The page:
Don't get me wrong as I love all the birds that arrive for the breeding season, but in some ways I like the it more when the birds are gone as we tend to have our eye's wide open as it won't be long before we have our first migrant passerines and that's when the fun begins. 

Hopefully I will get the final counts for the year and I will post it.

Thursday, 7 July 2011

Sunset Cruise 2

Just a few pictures from Saturday night, as we watched the Wildlife, Jumplings and The Sunset Thank you to everyone who joined me. I enjoyed your company very much.

Sunset with Holy Island in the background

Wednesday, 6 July 2011

Holy Island Tour

When we do our Holy Island Trip we have to work the tides so their is enough water to get the boat into the harbour. As our dates are set for the year we always pray that its good weather. So on Sunday afternoon we had a trip bound for Holy Island for a few hours and it was just beautiful. I love to go up to Holy Island as I can get a chance for a bit of bird watching myself.
About half an hour before we were due to leave the fog came rolling in, and after a scorching hot day and flat calm seas I could not believe what I was seeing. The problem with the Farne Islands sometimes is the Dolerite Rock, with the hot sun on the cold rock it sometimes produces the fog, which is a real pain as you can go south to Beadnell and it will be beautiful, so after debating on whether to go ahead with the trip I quickly phoned a friend on Holy Island to see if they had fog up their to. 
As I put the phone down I gave it the thumbs up as it was all clear up there. 
We left the harbour and headed towards the Inner Farne and it was still thick fog. After chatting to the guests about the birds and the Inner Farne we steamed up to the Megstone to see the seals. We had only got a few hundred yards away from the islands when it started to clear. It was a bit surreal as the fog was just on the bottom and the top of the island was clear.

After arriving on Holy Island we went for a little wonder around. We never saw anything to shout about but as we headed back to the boat we saw 4 Ringed-Plover chicks. They were cute little things and I was surprised on how well they blended in with the pebbles on the beach.

Ringed Plover chick hiding beside the pebbles.

Standing Tall.

After leaving the jetty we cruised towards Black Law Rock. As we approached the rock we encountered 22 Female Red Breasted Mergansers and 2 Males, a Seal, 12 Cormorants, loads of Arctic Terns and over a thousand Eider Ducks. Alot of the Eider Ducks we going through the colour change which looks quite nice but also a bit weird.

After leaving we steamed towards Stag Rock in the hope we would see some Harbour Porpoises but no such luck. The only thing we saw was some big waves crashing upon the shore but it gave me some nice pictures from the seaward side of Stag Rock and Bamburgh Castle.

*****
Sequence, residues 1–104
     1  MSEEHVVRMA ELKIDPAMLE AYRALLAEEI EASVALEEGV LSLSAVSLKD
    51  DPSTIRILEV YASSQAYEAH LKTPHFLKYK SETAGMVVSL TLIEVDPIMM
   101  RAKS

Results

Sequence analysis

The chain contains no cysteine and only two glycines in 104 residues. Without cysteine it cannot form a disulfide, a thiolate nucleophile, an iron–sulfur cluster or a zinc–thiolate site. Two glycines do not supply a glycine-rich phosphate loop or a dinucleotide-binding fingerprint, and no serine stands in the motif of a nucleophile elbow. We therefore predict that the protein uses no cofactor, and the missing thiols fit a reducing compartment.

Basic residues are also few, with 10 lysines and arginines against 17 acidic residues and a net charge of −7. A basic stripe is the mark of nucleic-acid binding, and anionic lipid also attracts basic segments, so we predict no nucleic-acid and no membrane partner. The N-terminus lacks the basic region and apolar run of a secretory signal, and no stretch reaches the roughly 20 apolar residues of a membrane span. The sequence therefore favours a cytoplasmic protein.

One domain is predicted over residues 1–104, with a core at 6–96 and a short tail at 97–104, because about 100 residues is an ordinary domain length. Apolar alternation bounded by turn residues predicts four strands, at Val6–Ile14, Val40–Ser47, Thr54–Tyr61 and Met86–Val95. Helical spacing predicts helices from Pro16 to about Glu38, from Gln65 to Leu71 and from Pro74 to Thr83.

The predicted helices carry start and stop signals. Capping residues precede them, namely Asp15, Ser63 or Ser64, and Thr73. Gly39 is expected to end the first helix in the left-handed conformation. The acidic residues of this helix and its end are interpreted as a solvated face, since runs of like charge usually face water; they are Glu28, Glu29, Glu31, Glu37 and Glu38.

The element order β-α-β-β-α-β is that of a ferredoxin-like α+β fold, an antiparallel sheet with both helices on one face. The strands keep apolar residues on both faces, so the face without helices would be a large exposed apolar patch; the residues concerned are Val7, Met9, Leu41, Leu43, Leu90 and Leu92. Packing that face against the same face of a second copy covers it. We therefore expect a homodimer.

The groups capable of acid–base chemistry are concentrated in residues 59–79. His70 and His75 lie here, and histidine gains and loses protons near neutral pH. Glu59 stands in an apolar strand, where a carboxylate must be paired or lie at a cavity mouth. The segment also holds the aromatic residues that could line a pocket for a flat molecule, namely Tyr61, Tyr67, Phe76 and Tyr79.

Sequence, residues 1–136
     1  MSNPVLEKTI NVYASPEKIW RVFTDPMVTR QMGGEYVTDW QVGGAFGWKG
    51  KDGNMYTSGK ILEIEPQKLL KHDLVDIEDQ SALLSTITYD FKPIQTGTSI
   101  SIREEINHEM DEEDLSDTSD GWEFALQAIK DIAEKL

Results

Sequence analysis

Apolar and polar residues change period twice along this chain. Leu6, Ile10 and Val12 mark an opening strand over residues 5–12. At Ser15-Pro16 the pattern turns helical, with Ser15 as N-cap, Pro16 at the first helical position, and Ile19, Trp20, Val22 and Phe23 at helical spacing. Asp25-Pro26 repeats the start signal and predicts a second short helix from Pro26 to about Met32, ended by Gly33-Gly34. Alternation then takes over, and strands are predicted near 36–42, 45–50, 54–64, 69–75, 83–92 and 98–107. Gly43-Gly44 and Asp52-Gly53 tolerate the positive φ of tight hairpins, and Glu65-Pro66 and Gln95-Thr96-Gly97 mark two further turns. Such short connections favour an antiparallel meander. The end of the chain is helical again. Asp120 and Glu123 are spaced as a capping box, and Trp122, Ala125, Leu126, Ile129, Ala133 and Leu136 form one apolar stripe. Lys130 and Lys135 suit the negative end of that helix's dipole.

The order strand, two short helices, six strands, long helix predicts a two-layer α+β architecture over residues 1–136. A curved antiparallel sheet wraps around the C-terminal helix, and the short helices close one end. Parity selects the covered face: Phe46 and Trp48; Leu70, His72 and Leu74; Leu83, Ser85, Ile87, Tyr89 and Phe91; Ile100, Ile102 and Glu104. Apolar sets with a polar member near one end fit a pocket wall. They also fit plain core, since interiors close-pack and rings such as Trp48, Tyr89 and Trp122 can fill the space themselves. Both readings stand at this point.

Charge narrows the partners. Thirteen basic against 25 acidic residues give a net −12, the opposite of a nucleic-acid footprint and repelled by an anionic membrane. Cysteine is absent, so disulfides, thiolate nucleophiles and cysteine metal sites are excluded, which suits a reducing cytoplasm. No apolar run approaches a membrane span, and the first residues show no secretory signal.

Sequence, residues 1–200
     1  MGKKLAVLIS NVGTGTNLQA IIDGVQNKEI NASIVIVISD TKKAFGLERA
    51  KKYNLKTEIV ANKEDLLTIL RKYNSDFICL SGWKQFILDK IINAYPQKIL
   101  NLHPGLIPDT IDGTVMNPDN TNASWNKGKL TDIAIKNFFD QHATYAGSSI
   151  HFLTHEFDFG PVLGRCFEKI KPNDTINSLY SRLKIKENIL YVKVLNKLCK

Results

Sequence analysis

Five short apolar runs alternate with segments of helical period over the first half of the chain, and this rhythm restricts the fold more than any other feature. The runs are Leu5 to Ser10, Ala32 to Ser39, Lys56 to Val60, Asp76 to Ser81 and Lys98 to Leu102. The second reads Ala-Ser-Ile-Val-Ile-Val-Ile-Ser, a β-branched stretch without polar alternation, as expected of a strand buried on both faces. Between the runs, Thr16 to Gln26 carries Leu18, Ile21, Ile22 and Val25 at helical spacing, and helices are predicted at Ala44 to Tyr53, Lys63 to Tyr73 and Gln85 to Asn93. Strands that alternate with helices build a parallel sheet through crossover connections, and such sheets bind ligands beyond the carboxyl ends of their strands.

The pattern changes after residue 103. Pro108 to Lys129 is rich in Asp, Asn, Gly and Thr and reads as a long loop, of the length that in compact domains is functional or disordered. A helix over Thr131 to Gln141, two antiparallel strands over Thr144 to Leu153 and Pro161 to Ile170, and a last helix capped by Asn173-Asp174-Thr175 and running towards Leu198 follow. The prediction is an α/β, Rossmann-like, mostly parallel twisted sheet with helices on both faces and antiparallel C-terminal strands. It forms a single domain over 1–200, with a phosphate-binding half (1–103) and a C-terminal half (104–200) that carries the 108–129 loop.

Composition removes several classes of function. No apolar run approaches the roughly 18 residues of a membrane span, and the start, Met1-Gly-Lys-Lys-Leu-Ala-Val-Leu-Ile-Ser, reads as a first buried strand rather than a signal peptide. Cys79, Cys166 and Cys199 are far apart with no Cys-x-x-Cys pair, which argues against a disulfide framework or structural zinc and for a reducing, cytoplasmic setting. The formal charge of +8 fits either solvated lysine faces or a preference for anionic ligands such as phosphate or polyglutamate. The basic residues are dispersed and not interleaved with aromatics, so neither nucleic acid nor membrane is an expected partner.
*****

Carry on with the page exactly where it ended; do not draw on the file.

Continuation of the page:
Monday, 4 July 2011

Baby Puffin

Puffins are just a beautiful bird and they must be one of the most pictured bird ever. I don't know what it is about the Puffin but they are lovely.

When they arrive at the islands we see them more on the water than on the land and as they start to settle they start to look for their burrows.

Puffins use the same burrow every year and the lay a single egg in the bottom of the burrow. Most birds mate on the land or rocks but the Puffins always mate on the water.

They are known as Sea Parrots and this is because of their colorful beak but they are also known to the locals as a Tommy Noddy and this is because of their head action when they walk.
During the winter period they lose their brightly coloured beak and it turns to a dull grey. Also during January and March they become flightless as they are casting their feathers but they are still able to swim down to catch food to enable them to survive.

When the chicks are born they stay down the burrow until they are big enough and strong enough to leave their burrow. When they do leave its always in the night as it enhances their chances of survival but on this occasion this little Puffin decided to break the rules and leave during the day.

As I watch it for a about 45 minutes while our guests were on the island I realised it has moved about half a mile away.

It was just lovely watching a young chick stretch its wings, wash itself and even dive, even if it was only for a few seconds and then it made me realise that it is a beautiful bird and you can't blame people wanting to come and see the glory of this amazing bird.

Here is a few pictures of the Baby Puffin or Pufflings as some people call it, heading out into the open waters.

Friday, 1 July 2011

Tall Ship Returns

Over the last few weeks I have been helping a friend hauling crab and lobster pots. We have been starting at 2.30am and getting finished at 9.30am and then I rush home grab a quick shower, change and dash back down the harbour. It has made it a very long day but the one bonus has been the sunrise's, the birds, a minke whale and the passing ships.

Early on Wednesday morning we saw a Tall Ship in full sail and it looked beautiful. It was not until we got closer that I realised it was the same Tall Ship that was here a few weeks ago. I found out that it had been in Blyth harbour for a weekend but it has also been at Eyemouth for running repairs.

The ship is a youth trust ship and at the moment there is a secondary school on board.

Here is some pictures of the ship and the kids hard at work.